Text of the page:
Primary Sources in American History and Culture

American Narrative Tradition

"Reader, be assured this narrative is no fiction. I am aware that some of my adventures may seem incredible; but they are, nevertheless, strictly true. I have not exaggerated the wrongs inflicted by Slavery; on the contrary, my descriptions fall far short of the facts. I have concealed the names of places, and given persons fictitious names. I had no motive for secrecy on my own account, but I deemed it kind and considerate towards others to pursue this course." Harriet A. Jacobs, Incidents in the life of a slave girl. Written by herself . (1861), p.5.

Telling one's own story often acts as a catharsis for one who has undergone trauma, or as a document of a life for those just wanting to share their experiences. However for the researcher these records can become an historical document, providing a window into life at a different time. Included among these records are diaries, letters, autobiographies, narrative accounts, spiritual confessions, slave narratives, captivity stories and travel accounts. All of these documents can be found in archives, and can be used for study by historians, sociologists, economists, folklorists and psychologists.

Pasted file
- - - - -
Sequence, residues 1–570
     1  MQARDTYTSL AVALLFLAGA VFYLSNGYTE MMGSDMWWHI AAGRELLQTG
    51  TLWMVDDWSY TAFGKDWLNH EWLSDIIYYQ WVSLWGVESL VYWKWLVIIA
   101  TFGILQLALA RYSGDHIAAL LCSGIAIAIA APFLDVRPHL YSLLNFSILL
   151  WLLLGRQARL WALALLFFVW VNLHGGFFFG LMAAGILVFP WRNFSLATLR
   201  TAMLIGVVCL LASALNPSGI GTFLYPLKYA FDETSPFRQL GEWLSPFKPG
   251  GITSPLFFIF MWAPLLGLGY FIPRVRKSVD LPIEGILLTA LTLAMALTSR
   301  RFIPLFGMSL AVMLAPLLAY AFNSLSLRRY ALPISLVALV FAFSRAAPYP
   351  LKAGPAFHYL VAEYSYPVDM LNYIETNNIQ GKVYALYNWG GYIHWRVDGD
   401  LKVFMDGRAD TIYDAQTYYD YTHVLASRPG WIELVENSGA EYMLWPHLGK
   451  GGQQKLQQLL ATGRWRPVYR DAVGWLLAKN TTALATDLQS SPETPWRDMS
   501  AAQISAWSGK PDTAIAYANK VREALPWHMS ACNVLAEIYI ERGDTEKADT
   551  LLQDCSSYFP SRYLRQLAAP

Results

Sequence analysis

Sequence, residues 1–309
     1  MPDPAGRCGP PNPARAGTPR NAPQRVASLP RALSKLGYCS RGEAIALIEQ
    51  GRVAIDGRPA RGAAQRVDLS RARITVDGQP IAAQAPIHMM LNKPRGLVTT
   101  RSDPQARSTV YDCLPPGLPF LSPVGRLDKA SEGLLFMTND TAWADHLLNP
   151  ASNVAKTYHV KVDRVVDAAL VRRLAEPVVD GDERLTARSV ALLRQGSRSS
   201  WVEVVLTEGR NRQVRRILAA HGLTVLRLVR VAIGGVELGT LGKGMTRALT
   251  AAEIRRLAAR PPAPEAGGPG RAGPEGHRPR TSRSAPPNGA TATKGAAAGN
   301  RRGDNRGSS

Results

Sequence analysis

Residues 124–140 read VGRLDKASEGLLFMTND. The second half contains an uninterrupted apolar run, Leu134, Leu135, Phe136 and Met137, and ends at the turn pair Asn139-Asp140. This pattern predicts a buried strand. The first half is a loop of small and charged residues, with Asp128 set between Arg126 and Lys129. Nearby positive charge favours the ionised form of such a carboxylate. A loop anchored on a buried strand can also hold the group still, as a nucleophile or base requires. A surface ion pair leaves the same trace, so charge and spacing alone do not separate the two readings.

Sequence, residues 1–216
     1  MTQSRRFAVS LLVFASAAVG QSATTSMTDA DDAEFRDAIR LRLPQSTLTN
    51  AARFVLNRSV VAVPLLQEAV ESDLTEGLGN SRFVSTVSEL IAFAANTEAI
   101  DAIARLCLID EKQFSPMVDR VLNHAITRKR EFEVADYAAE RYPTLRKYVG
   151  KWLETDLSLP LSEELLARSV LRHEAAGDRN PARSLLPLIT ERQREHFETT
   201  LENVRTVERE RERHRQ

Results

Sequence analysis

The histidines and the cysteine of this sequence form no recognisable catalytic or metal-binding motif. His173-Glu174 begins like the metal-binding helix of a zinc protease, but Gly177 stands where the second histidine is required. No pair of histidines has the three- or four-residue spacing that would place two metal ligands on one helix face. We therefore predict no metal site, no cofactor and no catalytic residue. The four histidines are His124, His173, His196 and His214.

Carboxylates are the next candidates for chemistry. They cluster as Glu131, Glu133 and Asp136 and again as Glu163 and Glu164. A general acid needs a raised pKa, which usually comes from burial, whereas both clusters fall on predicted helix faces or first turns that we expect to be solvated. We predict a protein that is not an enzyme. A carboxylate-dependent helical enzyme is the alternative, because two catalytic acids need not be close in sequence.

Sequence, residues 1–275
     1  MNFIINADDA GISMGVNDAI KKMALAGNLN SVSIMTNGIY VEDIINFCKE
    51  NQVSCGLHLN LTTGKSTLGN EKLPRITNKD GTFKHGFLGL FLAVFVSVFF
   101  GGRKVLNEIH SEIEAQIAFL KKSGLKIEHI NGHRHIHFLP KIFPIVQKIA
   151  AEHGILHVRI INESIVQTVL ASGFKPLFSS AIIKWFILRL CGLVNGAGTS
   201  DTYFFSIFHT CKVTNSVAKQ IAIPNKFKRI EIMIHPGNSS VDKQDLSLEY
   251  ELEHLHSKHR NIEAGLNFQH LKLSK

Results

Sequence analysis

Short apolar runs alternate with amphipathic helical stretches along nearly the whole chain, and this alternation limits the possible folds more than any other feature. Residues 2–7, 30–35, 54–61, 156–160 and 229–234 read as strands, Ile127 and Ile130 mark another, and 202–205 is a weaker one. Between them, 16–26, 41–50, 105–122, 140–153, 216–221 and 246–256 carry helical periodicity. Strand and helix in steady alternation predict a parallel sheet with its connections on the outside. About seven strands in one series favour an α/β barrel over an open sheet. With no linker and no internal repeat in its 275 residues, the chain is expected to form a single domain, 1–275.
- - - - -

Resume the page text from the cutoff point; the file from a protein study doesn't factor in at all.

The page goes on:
Sources for Studying theAmerican Narrative Tradition

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Jessica Wagner Webster
Newman Library, 523